It started with a tweet:
Total Meth Lab Incidents In The United States in 2012 by State… Blame Heisenberg… pic.twitter.com/sKubrnnahv— Incredible Maps (@IncredibleMaps) April 10, 2014
which got me thinking - should we be blaming the makers of Breaking Bad for meth-related activity? It's raised the profile of meth higher than anything in popular culture before it, and even goes into a surprising amount of detail on how you might go about manufacturing it yourself. So, are 2012's meth statistics the fault of Vince Gilligan, AMC and Bryan Cranston?
In order to find out we need some historical data - which it turns out is available all the way back to 2004. And- showing a dramatic downtown of meth-related incidents until 2008, when it begins rising again, though never to previous levels.
So, we've got our meth incident data. But what about Breaking Bad popularity? Conventional wisdom would state that viewing figures at the metric to look at. But Breaking Bad owes much of its success to people discovering it on Netflix long after the series first started. And they don't release viewing figures.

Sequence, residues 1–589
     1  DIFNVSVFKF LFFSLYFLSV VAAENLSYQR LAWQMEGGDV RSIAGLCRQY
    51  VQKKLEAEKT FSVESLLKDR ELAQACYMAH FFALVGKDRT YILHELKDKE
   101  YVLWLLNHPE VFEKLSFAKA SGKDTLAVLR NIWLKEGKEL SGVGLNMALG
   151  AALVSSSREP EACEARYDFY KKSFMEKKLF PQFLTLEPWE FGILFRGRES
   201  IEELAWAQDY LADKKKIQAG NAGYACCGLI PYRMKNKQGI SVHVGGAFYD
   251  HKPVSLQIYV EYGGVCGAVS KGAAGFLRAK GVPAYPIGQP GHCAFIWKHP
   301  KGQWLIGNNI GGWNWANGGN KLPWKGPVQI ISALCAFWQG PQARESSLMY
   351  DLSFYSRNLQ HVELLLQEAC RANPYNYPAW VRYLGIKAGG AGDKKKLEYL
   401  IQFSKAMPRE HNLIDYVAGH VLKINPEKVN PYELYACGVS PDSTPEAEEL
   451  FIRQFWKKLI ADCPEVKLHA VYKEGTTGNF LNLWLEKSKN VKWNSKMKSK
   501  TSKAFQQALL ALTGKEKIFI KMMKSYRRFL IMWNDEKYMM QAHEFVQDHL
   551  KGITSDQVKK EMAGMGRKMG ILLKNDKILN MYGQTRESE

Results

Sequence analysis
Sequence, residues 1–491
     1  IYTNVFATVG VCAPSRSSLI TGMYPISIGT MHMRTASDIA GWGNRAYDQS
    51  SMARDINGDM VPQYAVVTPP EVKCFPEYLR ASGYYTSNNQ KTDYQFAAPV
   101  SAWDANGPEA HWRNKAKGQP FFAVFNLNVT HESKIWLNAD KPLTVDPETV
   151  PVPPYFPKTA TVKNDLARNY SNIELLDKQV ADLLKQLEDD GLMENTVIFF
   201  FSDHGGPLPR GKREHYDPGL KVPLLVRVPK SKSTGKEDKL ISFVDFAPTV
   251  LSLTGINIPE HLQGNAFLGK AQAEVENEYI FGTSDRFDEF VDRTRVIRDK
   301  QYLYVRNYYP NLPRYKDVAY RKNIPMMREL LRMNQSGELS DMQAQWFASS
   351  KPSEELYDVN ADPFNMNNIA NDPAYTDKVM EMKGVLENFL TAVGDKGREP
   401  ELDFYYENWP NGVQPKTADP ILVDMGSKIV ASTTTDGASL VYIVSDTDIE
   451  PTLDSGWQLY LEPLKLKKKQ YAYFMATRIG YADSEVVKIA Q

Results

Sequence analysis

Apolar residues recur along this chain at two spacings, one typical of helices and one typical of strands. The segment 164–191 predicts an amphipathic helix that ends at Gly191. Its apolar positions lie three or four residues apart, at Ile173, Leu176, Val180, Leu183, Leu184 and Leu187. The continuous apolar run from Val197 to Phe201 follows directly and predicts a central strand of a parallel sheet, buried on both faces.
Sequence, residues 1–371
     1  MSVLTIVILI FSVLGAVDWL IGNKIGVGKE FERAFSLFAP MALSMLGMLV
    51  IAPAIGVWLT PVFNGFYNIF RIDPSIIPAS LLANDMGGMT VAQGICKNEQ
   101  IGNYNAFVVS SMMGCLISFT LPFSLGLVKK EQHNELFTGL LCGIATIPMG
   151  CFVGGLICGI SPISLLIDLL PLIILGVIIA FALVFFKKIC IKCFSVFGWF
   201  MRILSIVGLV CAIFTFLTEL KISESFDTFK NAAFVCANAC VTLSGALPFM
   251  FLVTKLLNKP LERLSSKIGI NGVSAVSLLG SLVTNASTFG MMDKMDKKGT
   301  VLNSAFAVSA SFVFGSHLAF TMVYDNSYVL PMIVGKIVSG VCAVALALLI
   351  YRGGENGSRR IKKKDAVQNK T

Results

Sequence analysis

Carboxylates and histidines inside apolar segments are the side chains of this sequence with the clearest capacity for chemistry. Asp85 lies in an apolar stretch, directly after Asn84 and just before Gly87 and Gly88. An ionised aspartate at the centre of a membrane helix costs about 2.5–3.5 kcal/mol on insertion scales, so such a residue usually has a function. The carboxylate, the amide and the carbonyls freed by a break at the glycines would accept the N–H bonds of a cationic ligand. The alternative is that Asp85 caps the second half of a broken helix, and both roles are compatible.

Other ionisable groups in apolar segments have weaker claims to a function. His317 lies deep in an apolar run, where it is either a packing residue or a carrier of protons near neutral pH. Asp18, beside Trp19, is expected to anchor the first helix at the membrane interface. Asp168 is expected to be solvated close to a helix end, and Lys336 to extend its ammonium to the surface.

A better - while still imprecise - metric is using Google Trends data to see how many people were searching for Breaking Bad online. So let's take that search data andto see how they compare.
So, while 2008 - 2010 actually do show a correlation, when Breaking Bad really hits its stride (and 2013 is bigger still) the number of meth crimes has actually decreased - so maybe Breaking Bad was one big PSA about the dangers of meth production? In any case, the answer to the initial question appears to be an emphatic "no".
Still, this data is interesting. Take a look at the overall league tables of Meth problems - would you believe that New Mexico isn't anywhere near the top? While the show was originally supposed to be set in California, the best place it could have actually been set is Missouri,